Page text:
Good, because Jacobson is well-respected as a sports anchor/ entertainer. Maybe some good comes from this garbage pile she created. I also suspect ESPN (owned by The Disney Corporation, by the way)will make sure its roast-hosting days are over, too.
Thanks to The Big Lead and Baseball Musings for the photos of Jacobson
Thursday, January 24, 2008
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It is remarkable that little LSU-S has developed such a spirited atmosphere for basketball. When I was in school there, intercollegiate athletics was a preposterous, faraway notion. Now, the Pilots are one of the strongest basketball programs in NAIA and the baseball team is a perennial winner.
So, I found myself in the gym with a racing heart as the game went down to the final horn. Back in my day, the only thing on campus that made my heart race was the girl across the aisle. LSU-S has plenty to cheer about.
Yes, there's even a mascot.
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Wednesday, January 23, 2008
"Twenty years after he was the youngest quarterback to ever start in a Super Bowl, (David) Woodley became the youngest Super Bowl quarterback to die." Wow. That tragic sentence comes for a story by Elizabeth Merrill on the front page of espn.com. David Woodley played quarterback at Shreveport's Byrd High School and later at LSU. He was the starting quarterback for the Miami Dolphins in Super Bowl XVII, at age 24. This made him, at the time, the youngest quarterback to start in the Super Bowl.
As a young local sportscaster, Woodley's ascent to the pinnacle of the pro football world was a huge thing for me. He was a couple of years older than me, but I knew his younger sister in high school. Obviously, we tried to follow his every move but he was a reluctant football star. He responded to local interview requests grugdingly. The longest conversation I ever had with him was in a post-game locker room interview following a game against the Dallas Cowboys. Apparently, he liked playing football but had no interest in the celebrity status that usually comes with it. Merrill's story does a nice job of expanding on that.
He always seemed to have a look of sadness in his eye. I think you can even see that in one or two of these photos.
The Shreveport NFL quarterback angle was enormous in the early 80's. This is especially true when you consider that after his days with the Dolphins, Woodley attempted to succeed another Shreveport guy, Terry Bradshaw, as quarterback of the Pittburgh Steelers. Bradshaw has four Super Bowl rings, a bust in the Pro Football Hall of Fame and a stellar career as a broadcaster. Woodley died at age 44, a liver transplant having been insufficient to help him survive years of alcohol abuse. He came home to Shreveport but passed away in relative obscurity. Even though his story is tragic, it's good that at Super Bowl time his memory is kept alive.This graphic is borrowed from espn.com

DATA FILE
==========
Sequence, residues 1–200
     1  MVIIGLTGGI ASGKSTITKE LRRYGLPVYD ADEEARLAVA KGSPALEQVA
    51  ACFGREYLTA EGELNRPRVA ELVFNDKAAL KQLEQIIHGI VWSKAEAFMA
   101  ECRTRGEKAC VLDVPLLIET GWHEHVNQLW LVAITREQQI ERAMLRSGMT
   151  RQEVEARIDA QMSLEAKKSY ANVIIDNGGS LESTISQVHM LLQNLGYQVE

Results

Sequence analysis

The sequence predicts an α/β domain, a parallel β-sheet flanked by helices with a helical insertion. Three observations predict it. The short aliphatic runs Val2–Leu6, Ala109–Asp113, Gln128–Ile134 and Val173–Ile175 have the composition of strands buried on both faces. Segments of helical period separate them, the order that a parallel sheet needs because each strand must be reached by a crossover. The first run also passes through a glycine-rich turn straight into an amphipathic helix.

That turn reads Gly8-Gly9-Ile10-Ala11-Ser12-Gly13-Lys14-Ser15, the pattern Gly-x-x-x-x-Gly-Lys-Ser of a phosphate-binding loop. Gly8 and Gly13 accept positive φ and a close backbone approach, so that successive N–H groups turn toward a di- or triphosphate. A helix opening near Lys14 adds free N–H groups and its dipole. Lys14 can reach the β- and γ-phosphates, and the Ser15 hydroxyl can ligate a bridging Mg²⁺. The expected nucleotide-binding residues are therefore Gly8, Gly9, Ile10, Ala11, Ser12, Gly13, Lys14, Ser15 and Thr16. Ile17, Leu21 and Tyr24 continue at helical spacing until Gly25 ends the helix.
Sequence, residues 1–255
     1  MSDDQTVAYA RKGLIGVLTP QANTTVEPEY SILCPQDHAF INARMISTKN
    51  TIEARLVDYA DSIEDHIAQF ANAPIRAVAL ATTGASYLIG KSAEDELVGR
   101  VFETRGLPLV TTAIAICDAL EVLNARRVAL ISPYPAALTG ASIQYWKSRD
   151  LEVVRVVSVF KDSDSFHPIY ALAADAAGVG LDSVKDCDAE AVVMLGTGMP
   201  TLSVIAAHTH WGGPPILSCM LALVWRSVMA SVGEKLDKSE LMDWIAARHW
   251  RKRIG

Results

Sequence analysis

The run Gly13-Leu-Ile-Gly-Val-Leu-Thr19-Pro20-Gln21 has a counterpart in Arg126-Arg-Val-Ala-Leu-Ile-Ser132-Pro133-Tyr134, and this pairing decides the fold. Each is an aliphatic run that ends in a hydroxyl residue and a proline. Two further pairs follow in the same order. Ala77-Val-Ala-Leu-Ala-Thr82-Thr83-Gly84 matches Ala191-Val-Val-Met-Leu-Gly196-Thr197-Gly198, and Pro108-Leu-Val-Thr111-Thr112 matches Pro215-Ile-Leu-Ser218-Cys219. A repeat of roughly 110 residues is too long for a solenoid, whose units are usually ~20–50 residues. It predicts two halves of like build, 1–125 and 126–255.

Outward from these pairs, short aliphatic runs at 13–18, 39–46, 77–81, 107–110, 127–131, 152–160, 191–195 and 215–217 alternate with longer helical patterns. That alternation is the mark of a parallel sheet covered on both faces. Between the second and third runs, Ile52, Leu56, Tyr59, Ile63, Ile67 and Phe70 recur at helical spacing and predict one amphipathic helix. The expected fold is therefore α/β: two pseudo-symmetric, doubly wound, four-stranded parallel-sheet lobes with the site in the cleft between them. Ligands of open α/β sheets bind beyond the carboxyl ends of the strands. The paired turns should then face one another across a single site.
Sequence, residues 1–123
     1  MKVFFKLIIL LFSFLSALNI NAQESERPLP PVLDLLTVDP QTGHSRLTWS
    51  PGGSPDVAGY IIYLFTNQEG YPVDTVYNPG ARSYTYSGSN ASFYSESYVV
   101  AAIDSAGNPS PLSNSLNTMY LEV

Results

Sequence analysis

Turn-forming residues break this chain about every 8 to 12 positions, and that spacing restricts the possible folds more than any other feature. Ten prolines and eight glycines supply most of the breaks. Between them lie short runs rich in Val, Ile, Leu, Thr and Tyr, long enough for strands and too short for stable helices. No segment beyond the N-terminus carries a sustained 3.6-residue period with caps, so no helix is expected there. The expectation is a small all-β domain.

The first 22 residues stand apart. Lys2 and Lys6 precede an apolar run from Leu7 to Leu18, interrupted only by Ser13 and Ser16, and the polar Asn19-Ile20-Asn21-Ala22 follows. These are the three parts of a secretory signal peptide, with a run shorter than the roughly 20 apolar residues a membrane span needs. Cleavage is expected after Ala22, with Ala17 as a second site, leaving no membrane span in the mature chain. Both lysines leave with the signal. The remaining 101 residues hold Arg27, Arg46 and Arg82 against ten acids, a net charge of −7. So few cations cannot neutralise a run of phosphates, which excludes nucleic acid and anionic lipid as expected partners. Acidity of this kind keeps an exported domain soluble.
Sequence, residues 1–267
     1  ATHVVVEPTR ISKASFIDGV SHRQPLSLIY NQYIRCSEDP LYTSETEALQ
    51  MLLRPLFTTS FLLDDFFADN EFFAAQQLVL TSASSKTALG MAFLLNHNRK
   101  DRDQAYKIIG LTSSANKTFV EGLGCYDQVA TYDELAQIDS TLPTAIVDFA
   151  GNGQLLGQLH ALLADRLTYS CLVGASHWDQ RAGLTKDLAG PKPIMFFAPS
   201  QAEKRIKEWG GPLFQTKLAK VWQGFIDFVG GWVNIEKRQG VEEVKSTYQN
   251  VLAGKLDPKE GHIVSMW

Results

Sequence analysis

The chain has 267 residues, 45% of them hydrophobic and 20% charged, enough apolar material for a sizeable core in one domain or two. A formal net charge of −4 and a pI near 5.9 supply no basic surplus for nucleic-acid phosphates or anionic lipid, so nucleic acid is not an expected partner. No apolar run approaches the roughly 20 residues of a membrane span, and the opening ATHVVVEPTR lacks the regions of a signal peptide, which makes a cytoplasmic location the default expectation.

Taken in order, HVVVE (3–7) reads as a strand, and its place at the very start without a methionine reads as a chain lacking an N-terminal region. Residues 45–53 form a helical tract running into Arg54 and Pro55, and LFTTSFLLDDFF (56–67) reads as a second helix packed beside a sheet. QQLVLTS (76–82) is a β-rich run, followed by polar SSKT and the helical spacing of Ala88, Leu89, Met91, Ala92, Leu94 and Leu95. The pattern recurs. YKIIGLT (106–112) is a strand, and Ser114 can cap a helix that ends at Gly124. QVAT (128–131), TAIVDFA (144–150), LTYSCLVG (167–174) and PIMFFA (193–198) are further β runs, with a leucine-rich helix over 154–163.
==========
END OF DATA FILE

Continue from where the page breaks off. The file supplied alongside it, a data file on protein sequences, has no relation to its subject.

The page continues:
Photos are from MPS/WireImage.com, Manny Rubio/US Presswire, and Focus on Sport/Getty Images
Another Shreveport quarterback to start in a Super Bowl is Stan Humphries, who is also profiled by espn.com.
Tuesday, January 22, 2008
This is the most trusting dog I've ever had. She will lie still while people step over her. She is completely at ease around everyone.
She will stand calmly by if teenagers scream or the surround sound gets loud, but if there's a Big Boom from outside, it's all over.
We know if there is thunder or fireworks, we're not getting any rest.
Last night's thunder was a low rumble. No claps, no booms, no matter. No sleep.
One solution is to lock her in the garage, but who has the heart to do that? Really, all we can do is let her get in bed with us or just to get up with her.
You can see the kind of attention she gets. Maybe I should develop a fear of storms. And the thunder rolls.....
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Posted by Darrell at 1/22/2008
Monday, January 21, 2008
The concept of a drive-through liquor store apparently is lost an an aghast nation outside of Louisiana.